Finland Process Service
Findland Process service, also known as "service of process,” is the procedure employed to give appropriate notice of initial legal action to another party (such as a defendant), court, or administrative body in an effort to exercise jurisdiction over that person to enable that person to respond to the proceeding before the court, body, or other tribunals. Notice is furnished by delivering a set of court documents (called "process") to the person to be served; a process server performs Finland process service. Click Here for information on the Code of Civil Procedure in Finland!
Finland PROCESS SERVERs
Finland process servers serve civil and commercial matters pursuant to the Hague Service Convention, a multilateral treaty adopted in Hague, Netherlands, on November 15, 1965, by member states of the Hague Conference on Private International Law. It came into existence to give litigants a reliable and efficient means of serving the documents on parties living, operating, or based in another country. The convention's provisions apply to the service of process in civil and commercial matters but not criminal matters. Also, the Convention shall not apply if the address of the person served with the document is unknown.
Method of Service
Article 5(1)(a) Service
The national provisions for the service of documents can be found in the Code of Judicial Procedure (Oikeudenkäymiskaari, 4/1734), Chapter 11.
When the court takes responsibility for service in a legal dispute, service occurs primarily by post. The letter may arrive either with the advice of receipt to the post office or directly to the home, in which case the certificate of receipt in the envelope must be returned to the court. If it is likely that service of a writ of summons by post will not be successful, or if responsibility for service is given to a party, service will be performed by a bailiff.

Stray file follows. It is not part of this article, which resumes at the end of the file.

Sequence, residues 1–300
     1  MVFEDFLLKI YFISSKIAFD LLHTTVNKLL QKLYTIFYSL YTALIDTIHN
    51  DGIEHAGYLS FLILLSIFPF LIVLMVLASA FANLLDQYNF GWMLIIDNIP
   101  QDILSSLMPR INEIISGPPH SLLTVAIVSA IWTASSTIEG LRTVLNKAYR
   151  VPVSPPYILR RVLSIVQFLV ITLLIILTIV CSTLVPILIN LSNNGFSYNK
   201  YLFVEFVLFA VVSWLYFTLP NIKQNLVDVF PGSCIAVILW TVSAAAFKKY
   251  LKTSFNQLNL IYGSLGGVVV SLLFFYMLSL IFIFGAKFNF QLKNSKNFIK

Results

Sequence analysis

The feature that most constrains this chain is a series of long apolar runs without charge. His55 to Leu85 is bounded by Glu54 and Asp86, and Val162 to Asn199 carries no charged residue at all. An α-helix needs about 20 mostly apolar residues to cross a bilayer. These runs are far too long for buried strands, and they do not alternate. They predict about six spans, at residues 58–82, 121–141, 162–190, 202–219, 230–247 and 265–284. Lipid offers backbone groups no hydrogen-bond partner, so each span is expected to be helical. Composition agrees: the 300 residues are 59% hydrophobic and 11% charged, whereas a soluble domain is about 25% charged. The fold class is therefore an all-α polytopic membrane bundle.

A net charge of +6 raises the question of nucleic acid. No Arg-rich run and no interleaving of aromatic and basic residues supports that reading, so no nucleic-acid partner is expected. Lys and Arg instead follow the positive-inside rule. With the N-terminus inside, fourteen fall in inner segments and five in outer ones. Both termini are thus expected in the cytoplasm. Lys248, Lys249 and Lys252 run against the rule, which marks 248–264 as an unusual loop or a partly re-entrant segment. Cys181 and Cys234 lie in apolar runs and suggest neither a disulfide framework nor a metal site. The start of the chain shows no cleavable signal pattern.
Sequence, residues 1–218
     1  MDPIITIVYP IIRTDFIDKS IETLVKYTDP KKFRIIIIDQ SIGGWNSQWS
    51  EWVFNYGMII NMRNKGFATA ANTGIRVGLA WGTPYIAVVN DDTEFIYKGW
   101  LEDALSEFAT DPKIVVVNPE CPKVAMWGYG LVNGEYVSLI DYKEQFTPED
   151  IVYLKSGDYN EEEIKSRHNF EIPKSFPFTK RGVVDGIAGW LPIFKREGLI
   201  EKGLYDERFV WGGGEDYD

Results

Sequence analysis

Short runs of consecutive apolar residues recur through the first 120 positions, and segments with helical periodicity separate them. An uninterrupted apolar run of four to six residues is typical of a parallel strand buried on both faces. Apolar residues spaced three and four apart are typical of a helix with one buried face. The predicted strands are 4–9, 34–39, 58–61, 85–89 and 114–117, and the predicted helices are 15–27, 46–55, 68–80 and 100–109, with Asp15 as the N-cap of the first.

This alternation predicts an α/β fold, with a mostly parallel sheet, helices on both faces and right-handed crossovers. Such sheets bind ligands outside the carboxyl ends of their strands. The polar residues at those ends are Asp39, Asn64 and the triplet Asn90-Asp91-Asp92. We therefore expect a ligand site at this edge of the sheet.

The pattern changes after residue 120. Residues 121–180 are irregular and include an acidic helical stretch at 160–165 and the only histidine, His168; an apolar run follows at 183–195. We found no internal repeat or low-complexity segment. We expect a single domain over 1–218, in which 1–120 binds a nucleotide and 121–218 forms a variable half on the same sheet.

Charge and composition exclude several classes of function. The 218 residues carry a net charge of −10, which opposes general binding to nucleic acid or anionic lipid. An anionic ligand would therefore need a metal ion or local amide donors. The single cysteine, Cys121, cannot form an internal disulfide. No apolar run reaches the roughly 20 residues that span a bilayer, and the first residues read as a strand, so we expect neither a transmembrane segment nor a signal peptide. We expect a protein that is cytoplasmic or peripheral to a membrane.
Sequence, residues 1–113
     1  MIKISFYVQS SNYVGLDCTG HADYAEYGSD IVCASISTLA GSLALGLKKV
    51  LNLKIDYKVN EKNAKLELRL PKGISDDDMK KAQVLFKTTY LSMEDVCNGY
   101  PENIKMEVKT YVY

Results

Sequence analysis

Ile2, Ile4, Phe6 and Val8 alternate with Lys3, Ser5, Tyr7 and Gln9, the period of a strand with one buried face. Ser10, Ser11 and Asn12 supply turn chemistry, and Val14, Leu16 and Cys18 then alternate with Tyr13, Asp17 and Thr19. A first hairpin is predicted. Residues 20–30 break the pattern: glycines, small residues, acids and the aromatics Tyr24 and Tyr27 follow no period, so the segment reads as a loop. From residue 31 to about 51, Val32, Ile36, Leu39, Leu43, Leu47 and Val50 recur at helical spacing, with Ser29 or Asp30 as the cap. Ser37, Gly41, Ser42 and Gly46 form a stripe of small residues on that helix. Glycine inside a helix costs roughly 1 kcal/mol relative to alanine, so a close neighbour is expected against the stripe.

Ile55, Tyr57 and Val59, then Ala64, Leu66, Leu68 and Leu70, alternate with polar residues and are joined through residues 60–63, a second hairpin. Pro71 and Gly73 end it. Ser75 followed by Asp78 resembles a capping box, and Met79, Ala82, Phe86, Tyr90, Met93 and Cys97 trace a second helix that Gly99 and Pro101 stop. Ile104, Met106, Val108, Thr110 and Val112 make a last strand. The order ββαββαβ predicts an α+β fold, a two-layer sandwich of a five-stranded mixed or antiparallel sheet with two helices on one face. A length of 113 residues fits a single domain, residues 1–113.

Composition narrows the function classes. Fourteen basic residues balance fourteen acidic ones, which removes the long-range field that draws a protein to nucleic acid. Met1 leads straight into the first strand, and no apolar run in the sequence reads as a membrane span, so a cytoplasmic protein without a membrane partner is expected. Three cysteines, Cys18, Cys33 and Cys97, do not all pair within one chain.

The service of a trial document other than a writ of summons may also be carried out by sending the document as a normal letter to the postal address or another address notified to the court by the interested party. This means that, for example, invitations, exhortations, and notices may be served on a party to civil proceedings electronically if the party in question has indicated such an address - an e-mail address or a fax number - to the court as the address for service.
A process server performs services of documents other than trial documents at the request of an authority or a private individual.
In cross-border cases, foreign authorities' requests for service of documents based on the Hague Convention are forwarded from the Central Authority to the Finnish district court in the area where the addressee has his/her/its’ place of residence. The District Court’s process server performs the service. The practical procedure is usually that a process server personally serves the documents to the addressee.
Service of Notices
The Court sees that the parties and the witnesses receive the summonses to hearings and the other notices appropriately and on time.
Service of notices is usually done by post. The letter may be sent either to the post office, to be signed for as received, or directly to the recipient, in which event the certificate of receipt contained in the envelope must be returned to the District Court. With the recipient’s consent, the service of notices may also be effected electronically. In that case, the recipient is notified that the document can be retrieved on a server indicated by the district court.
If it is likely that service by post will not be successful, the District Court’s process servers deliver the notice to the recipient in person. In criminal cases, the notice is even, in general, delivered by process servers. In connection with undisputed claims, the service of summons may also be effected via telephone.